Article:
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Field Test: Electric Off-Road Hunting VehiclesWords by Kali Parmley
Is it time to ditch the gas-powered off-road vehicles for electric?
When the first all-electric UTVs hit the scene approximately a decade ago, they were quite the rage—even with a lot of bugs that needed to be worked out, like battery runtime, overall battery bank life cycle, frame durability, and rattle-free operation.
However, manufacturers have had ample time to adjust these issues, and electric field vehicles now have a lot going for them, including lower operational costs, less maintenance and upkeep, and immediate and ample torque. Today’s models are dead silent, including the vehicle platform; no more squeaks, rattles, and clinks as you ghost silently down trails.
Batteries in all-electric vehicles have improved dramatically over the years and now offer longer operational lifespans, up to twice the range, faster recharging, more even performance through the entire battery charge, and, purportedly, better cold-weather reliability. Of course, good batteries come at a price, and we wanted to test a range of vehicle options for outdoorsmen in real-world conditions.
To stray from the usual ATV/UTV test, we reached out to manufacturers to test three very different electric vehicles, including a sport/hunt crossover, a side-by-side UTV, and a three-wheeled hybrid bike for an in-field comparison.
TORQ Suppressor VLE Solo
At first glance, you may think the makers at TORQ are mixing their thrill for hunting with a midlife crisis (and maybe they are). But what they’ve created is as fun to drive as it looks and, best yet, capable.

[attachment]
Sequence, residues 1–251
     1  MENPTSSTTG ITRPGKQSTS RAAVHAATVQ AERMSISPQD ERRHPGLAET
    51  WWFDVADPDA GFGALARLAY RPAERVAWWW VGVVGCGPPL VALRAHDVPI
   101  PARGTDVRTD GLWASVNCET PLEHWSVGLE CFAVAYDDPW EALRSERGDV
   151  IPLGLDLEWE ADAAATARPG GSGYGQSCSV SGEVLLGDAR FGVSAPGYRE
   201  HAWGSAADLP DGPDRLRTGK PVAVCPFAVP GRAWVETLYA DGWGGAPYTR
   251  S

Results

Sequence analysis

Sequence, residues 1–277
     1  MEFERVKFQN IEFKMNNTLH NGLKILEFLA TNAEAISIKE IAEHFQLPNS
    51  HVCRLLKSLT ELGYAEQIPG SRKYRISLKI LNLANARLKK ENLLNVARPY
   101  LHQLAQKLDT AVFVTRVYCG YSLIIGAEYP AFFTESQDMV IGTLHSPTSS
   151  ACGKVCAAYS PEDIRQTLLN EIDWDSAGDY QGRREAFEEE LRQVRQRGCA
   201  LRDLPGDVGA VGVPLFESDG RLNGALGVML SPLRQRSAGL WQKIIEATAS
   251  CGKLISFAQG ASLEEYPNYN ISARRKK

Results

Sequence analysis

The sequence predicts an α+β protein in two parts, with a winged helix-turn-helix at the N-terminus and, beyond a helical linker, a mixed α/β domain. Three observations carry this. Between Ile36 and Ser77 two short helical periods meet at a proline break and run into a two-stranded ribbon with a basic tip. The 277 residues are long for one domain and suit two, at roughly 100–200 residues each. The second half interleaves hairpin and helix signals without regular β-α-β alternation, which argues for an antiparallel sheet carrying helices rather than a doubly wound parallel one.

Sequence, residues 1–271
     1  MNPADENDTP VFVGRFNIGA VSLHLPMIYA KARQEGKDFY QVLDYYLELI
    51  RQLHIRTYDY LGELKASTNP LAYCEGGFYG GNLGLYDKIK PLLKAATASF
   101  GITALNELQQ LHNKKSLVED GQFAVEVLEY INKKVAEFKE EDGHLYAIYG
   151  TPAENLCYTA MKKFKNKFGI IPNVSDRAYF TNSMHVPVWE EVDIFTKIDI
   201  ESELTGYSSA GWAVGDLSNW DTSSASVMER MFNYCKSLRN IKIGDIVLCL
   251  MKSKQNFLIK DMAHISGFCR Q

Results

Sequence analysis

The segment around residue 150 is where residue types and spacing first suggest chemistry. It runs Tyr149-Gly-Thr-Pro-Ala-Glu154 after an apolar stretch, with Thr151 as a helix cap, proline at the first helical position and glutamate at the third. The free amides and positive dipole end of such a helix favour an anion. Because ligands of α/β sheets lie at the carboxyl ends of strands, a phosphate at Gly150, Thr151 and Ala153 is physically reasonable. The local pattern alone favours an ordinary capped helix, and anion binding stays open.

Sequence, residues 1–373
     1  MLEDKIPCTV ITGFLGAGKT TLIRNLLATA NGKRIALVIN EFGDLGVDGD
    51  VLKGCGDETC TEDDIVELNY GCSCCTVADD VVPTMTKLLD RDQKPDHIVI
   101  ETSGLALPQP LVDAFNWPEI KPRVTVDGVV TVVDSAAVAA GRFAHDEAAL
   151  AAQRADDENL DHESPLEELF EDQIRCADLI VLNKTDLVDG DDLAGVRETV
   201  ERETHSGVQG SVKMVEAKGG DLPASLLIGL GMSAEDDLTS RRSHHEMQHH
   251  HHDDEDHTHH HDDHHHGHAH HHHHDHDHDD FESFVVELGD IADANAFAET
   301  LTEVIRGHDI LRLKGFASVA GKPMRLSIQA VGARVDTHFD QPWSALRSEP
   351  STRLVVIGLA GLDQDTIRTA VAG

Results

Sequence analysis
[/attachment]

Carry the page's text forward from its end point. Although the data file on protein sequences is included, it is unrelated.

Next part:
The midget-racing/dune buggy-inspired design has users sitting in a steel roll-cage frame, low to the ground, with pedals that sit inches apart, making drivers use both feet to accelerate and break. The steering wheel sits close and tight for the racing feel, but it has a quick release to come on and off. Otherwise, getting in and out of the Suppressor is a bit tight. Sitting in a bucket seat equipped with a 4-point racing-style harness, it took some time to get used to the tight-to-the-body steering wheel and the closely spaced foot pedals.
However, what the Suppressor did performance-wise quickly wiped away the confining racecar cockpit feel.
Starting the Suppressor and putting it in gear is as simple as it gets. A small control box sits to the left of the steering wheel shaft, and with a push of a button, you go either Forward or Reverse. Adding to the simplicity, the control box’s only other features are a keyhole, battery life gauge, and a switch to toggle between High and Eco. The simplicity and ease of use added to the appeal of this backcountry buggy.